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Sunday 25 August 2019
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The positives and negatives of the FIM Bill

The Namibia Financial Institutions Supervisory Authority (NAMFISA) through their line ministry, the Ministry of Finance, is getting ready to present the Financial Institutions and Markets (FIM) Bill to parliament for promulgation later this year.
The question that many in the effected non-banking financial services sector have been asking themselves, whilst reading through the provisions of the bill, is if the promulgation of the bill will be a positive or negative development for the sector.
The bill aims to modernise Namibia’s non-banking financial sector, bringing it in-line with international standards, replacing the Pension Funds Act 24 of 1956 amongst others.  As at the end of the second quarter of 2018 the non-banking financial sector had assets under management of N$288.9 billion with pension fund investments of N$141.4 billion constituting the majority of these assets.
The figure for the non-banking financial sector exceeds Namibia’s GDP, which stood at N$ 198.5 billion at the end of 2018 according to Namibia Statistics Agency estimates.
This illustrates the importance of the non-banking financial sector to Namibia’s economy as funds from this sector, play an important role in stimulating economic growth in the domestic economy. It thus goes without saying that appropriate regulation of the institutions intrusted with administering these funds, which often belong to the public, is critical to Namibia’s long term economic prosperity.
The purpose of the FIM Bill is to consolidate and harmonise the laws regulating financial institutions, financial intermediaries and financial markets in Namibia and to provide for incidental matters.
The FIM Bill will consolidate seven Acts which currently regulate non-banking financial service providers, thus providing a single reference point for all regulation pertaining to investment institutions in Namibia.
Additionally the FIM bill will introduce a Financial Services Adjudicator, which will settle disputes between consumers and service providers.
As an example, the South African financial services adjudication system has created a cost-effective and practical method to resolve complaints without having to go to court and redresses the imbalance of resources and expertise that likely exist between a consumer and a financial institution. However, the FIM Bill is lengthy, as it has over 600 pages, is complex and is making it difficult to comprehend and implement.
There has been some industry consultation done before the Bill is presented to parliament. For the pension funds industry consultations were done through the industry body, the Retirement Funds Institute of Namibia (RFIN).
Some issues highlighted by industry participants include overregulation by NAMFISA, with stricter conditions set for service providers to operate under, this will potentially lead to fines, closure of service providers or imprisonment of their agents for non-compliance.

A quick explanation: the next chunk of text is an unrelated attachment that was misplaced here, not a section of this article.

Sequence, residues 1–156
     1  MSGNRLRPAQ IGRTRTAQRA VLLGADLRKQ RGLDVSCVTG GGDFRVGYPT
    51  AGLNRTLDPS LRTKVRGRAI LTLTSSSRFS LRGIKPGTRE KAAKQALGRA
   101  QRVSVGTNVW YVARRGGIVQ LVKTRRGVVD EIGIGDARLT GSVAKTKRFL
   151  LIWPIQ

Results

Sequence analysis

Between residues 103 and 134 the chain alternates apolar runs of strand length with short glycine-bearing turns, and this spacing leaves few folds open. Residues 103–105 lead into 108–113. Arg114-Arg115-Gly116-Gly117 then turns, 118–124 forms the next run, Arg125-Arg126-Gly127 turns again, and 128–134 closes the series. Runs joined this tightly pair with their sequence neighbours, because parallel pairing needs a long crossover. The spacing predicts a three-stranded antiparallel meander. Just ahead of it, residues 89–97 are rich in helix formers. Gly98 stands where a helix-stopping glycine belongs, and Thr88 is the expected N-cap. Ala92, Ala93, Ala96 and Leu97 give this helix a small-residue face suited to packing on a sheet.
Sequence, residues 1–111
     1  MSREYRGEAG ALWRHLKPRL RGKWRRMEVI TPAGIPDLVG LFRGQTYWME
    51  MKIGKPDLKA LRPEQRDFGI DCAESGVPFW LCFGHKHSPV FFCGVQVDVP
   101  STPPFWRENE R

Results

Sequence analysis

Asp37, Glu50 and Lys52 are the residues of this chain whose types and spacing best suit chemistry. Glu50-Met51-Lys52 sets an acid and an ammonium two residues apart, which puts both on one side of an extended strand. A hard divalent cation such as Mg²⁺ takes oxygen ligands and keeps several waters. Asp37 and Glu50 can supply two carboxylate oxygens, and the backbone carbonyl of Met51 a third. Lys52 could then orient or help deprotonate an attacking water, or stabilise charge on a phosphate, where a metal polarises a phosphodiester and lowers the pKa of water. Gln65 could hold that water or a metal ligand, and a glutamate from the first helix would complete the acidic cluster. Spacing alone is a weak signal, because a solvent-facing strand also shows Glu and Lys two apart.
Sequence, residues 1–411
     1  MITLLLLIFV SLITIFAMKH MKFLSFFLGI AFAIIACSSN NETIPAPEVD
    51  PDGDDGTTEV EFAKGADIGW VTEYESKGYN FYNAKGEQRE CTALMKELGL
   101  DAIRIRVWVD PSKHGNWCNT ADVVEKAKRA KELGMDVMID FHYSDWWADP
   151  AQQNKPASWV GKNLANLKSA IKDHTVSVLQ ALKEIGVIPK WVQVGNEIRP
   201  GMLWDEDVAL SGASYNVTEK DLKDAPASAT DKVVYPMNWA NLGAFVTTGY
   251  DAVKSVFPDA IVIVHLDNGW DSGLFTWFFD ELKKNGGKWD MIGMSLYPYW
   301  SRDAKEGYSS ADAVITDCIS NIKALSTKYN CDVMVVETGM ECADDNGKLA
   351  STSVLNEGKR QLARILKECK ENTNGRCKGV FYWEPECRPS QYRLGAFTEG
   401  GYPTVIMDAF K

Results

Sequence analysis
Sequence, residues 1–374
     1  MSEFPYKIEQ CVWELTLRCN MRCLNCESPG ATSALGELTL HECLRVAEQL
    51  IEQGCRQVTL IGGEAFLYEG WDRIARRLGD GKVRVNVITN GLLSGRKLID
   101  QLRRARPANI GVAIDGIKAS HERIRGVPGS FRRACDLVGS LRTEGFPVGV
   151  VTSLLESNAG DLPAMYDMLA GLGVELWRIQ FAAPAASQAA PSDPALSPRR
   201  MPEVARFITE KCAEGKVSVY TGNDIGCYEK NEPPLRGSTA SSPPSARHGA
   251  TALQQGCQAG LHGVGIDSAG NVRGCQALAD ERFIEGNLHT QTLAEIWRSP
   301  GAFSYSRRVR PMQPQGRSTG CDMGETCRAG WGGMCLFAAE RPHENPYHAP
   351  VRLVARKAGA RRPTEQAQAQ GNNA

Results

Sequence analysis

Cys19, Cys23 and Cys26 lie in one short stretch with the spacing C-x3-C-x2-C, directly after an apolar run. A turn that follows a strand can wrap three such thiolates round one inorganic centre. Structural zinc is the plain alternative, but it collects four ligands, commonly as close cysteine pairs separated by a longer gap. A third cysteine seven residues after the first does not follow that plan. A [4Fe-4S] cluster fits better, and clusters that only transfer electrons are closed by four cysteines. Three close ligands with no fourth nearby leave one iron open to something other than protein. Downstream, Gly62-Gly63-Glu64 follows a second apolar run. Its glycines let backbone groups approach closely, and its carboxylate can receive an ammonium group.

Another observation is that more stringent reporting requirements will negatively affect smaller funds, especially those operating the insurance and pension industries, as they may not be able to afford to carry out the new compliance procedures required by the FIM Bill, this will force them to close down or consolidate into larger funds.
The twelve month timeframe for implementation of the provisions of the bill, is also of great concern, meaning that there is a possibility that certain Funds may not be compliant within the time period, leading to deregistration of funds.
The changing of trustees, especially those who do not currently have the necessary qualifications to pass the fit and proper test as set by NAMFISA, but are the preferred representatives of employees on the boards of trustees is also of concern. Overall however, this is a positive aspect of the bill as this provision seeks to improve the governance of Funds.
I however suggest that a period of time be allowed for incumbent trustees who do not presently pass the fit and proper test to acquire the requisite qualifications to serve as Trustees.
Further, the FIM Bill places a greater burden of responsibility on Trustees of Funds, where trustees who are judged to be negligent will be personally liable for a fine of up to N$ 5 million or a maximum prison sentence of ten years or both. There is a fear in the industry that this may scare away quality Trustees who might lose their livelihoods due to poor decisions taken while serving as a Trustee of a fund, especially legal practitioners.
Overall, I believe that the intension and purpose of the legislation is positive, as the Bill will replace outdated legislation and bring the Namibian non-banking financial sector in line with global standards, leading to greater development of Namibia’s financial markets.
However, concerns remain around the Bill’s complexity, timeframe for implementation, the discretionary powers granted to NAMFISA through subordinate legislation and the potential for higher cost of compliance to funds.




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